In this article, we’re going to take a look at some css animation basics. How it works, what it is, and then we’ll create a simple css loading animation, similar to facebook’s chat loading animation. In a previous article, I’ve showcased 5 Animations Using CSS Keyframes and you seem to liked it, so I thought I’d go into how to actually create these animations.

CSS Animation Basics Creating a CSS Loader

Altho in this tutorial we’ll create a loading animation, the bounce, fade and other animations all relay on the same method.

What are CSS @keyframes?

CSS @keyframes is a rule that let’s authors control the intermediate steps in a css animations sequence by establishing keyframes, aka way points. Imagine it as a timeline, and with these keyeframes we tell the object where it should be and how it should look when at certain points on the time line. Here’s an example:

@keyframes move {
0% {
bottom: 10px;
}
50% {
bottom: 90px;
}
100% {
bottom: 10px;
}
}

In the above code block, we have a set of keyframes, called “move”. At the beginning, the object we put this set on, will be 10px away from the bottom, then at 50% will be at 90px away, and at 100% it’ll go back to 10px again. In this example we have only 3 keyframes, but you can add as many as you want. They must go as follows: ” 0% {} 10 {} etc etc ” ( the % can be any from 0 to 100% ), and in between the { } you place your css properties.

Read more about css keyframes here

Creating a basic CSS Loader

Okay, now that we have a basic idea on what these keyframes are, let’s create our css loader.

First, we need to the HTML structure, that should look like the following:


<div class="container"> 
<span class="dot dot-one"></span>
<span class="dot dot-two"></span>
<span class="dot dot-three"></span>
</div>

Then, we give it a basic style:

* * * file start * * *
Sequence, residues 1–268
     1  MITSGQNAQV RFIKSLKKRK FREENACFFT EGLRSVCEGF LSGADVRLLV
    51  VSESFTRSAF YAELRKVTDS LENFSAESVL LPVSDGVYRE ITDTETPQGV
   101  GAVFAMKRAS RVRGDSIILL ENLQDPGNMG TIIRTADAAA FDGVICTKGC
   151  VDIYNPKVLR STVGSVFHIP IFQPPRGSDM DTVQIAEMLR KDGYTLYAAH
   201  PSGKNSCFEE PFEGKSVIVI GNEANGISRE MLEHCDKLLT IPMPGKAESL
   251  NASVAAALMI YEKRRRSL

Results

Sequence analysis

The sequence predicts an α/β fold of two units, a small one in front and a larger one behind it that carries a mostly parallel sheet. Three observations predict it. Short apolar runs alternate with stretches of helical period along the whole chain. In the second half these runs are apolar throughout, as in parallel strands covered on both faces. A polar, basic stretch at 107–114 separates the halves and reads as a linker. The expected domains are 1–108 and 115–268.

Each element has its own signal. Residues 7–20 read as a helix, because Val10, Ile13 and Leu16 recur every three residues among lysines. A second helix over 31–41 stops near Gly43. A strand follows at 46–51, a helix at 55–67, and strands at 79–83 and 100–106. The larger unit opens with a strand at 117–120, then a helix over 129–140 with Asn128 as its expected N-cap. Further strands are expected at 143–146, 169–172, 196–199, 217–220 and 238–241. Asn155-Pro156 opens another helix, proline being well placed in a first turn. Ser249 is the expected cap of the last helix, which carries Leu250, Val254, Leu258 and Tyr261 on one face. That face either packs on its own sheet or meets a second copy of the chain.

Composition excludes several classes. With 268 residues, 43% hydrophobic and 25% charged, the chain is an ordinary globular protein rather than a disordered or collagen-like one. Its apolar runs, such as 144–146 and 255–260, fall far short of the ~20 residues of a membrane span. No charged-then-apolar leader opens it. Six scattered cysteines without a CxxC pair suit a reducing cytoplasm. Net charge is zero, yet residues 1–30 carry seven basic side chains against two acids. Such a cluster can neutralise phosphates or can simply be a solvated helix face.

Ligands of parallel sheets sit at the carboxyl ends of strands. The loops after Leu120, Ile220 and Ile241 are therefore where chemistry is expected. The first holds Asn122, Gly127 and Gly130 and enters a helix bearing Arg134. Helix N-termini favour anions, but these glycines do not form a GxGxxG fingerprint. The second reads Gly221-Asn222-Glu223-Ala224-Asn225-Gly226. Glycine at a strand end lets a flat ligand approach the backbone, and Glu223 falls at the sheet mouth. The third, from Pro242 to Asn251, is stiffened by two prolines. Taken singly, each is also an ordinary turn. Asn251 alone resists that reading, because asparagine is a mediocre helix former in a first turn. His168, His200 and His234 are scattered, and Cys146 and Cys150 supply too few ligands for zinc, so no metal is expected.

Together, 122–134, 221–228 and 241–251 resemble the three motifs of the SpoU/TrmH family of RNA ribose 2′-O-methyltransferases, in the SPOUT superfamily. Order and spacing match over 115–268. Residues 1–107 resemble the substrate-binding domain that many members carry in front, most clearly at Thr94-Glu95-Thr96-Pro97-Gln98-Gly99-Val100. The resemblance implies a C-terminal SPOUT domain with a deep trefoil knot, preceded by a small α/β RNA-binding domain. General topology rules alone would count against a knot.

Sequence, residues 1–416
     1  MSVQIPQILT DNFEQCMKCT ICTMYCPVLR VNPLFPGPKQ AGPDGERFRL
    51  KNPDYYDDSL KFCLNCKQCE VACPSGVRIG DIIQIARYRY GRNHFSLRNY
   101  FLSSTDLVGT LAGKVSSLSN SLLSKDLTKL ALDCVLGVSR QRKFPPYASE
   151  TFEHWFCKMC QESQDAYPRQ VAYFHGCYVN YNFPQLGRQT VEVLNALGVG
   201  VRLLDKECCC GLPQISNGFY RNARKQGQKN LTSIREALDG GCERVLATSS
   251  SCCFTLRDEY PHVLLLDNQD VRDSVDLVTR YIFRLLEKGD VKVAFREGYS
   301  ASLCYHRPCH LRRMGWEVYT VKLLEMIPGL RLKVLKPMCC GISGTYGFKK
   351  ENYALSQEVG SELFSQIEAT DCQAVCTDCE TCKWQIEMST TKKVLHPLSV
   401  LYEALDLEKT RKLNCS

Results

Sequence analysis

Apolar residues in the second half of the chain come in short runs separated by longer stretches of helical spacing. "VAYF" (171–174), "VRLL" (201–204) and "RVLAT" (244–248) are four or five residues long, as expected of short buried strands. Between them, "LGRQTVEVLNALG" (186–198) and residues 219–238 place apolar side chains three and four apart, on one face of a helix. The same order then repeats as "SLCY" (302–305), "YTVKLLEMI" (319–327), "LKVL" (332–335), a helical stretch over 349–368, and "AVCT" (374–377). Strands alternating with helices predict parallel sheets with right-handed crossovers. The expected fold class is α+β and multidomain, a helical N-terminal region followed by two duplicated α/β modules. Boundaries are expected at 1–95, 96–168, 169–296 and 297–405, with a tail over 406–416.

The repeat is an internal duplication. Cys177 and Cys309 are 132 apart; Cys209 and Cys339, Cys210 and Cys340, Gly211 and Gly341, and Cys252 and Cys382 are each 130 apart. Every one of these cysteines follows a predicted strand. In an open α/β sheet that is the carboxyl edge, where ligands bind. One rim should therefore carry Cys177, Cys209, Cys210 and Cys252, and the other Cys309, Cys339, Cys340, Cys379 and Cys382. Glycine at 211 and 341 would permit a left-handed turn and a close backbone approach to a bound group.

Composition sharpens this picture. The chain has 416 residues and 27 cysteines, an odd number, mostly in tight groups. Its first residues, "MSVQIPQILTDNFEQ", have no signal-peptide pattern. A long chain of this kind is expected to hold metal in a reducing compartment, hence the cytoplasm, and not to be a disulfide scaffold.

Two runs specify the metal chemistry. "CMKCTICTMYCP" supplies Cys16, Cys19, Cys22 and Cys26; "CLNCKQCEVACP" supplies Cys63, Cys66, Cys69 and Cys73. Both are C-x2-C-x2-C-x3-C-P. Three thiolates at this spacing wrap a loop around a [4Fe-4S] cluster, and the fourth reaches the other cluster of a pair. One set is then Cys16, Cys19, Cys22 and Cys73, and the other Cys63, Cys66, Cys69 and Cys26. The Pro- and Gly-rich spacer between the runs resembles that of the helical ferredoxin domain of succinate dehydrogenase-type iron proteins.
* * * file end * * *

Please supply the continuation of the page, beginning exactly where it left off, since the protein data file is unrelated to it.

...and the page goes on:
.container {
position: relative;
display: block;
width: 220px;
height: 130px;
padding: 10px;
border-radius: 30px;
border: 5px solid #27ae60;
background-color: #3498db;
}

.dot {
position: absolute;
display: inline-block;
height: 50px;
width: 50px;
border-radius: 25px;
background-color: #2c3e50;
margin: 0 10px 0 10px;
bottom: 10px;
}

.dot-two {
margin-left: 85px;
}

.dot-three {
margin-left: 160px;
}

In the code above, we style the container as a box, and position the 3 dots at the bottom, near each other.

Now let’s create the animation:

@keyframes move {
0% {
bottom: 10px;
}
50% {
bottom: 90px;
}
100% {
bottom: 10px;
}
}

As I explained it above, this will move the object we put this animation on, from 10-90px from the bottom.

Now that we have our animation, let’s apply them to the dots:

.dot-one {
animation-name: move;
animation-duration: 1s;
animation-iteration-count: infinite;
animation-timing-function: ease-out;
animation-delay: 0;
}

.dot-two {
animation-name: move;
animation-duration: 1s;
animation-iteration-count: infinite;
animation-timing-function: ease-out;
animation-delay: 0.2s;
}

.dot-three {
animation-name: move;
animation-duration: 1s;
animation-iteration-count: infinite;
animation-timing-function: ease-out;
animation-delay: 0.4s;
}

This is pretty straightforward. We apply the animation “move” with a duration of 1 second, and make it loop infinitely. The timing function is ease-out, which means it’ll be slow at start, then speed up, and slow down again.

Then we add 0.2 second delay after each dot so they make a kind of weave effect.

And there you have it! The animation is done. Tho the timings aren’t perfect, but you get the idea how it should work. Here’s an other little animation that uses the same tactic, but with growing lines.

I hope you enjoyed this short article on css animation basics.